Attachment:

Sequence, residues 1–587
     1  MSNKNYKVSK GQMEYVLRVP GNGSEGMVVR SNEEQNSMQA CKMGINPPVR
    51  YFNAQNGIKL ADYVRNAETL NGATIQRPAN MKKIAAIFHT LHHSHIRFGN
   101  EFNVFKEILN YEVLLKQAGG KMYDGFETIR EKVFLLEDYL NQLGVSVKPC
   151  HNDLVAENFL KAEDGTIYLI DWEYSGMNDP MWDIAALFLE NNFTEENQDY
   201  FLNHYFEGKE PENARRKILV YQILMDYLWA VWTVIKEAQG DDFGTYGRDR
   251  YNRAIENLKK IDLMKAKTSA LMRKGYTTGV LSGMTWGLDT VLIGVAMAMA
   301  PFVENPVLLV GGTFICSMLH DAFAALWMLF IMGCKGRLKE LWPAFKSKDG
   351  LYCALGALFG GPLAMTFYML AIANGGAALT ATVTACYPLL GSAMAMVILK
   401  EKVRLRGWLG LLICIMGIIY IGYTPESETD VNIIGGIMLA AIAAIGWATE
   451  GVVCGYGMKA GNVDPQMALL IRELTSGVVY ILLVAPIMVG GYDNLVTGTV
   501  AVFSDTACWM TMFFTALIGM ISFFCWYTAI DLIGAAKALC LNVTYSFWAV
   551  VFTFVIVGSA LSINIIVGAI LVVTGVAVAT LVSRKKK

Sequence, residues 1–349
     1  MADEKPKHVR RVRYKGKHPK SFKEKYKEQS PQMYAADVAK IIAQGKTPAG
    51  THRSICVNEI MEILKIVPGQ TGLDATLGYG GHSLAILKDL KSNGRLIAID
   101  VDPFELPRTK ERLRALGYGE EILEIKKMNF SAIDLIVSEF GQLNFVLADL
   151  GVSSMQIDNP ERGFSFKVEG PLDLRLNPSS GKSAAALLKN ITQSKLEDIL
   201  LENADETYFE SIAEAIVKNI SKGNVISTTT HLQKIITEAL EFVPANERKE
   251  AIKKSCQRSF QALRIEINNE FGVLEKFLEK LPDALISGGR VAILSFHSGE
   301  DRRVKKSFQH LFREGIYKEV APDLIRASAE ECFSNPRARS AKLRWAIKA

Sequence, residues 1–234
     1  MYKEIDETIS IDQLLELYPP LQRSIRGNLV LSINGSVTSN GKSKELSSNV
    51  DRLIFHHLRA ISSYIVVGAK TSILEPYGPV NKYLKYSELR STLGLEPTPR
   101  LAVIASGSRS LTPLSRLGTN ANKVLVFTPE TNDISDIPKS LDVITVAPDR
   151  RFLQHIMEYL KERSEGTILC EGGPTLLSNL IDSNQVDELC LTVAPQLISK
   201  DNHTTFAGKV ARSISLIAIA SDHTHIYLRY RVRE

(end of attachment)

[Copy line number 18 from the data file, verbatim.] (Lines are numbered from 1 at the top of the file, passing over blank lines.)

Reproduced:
   151  GVSSMQIDNP ERGFSFKVEG PLDLRLNPSS GKSAAALLKN ITQSKLEDIL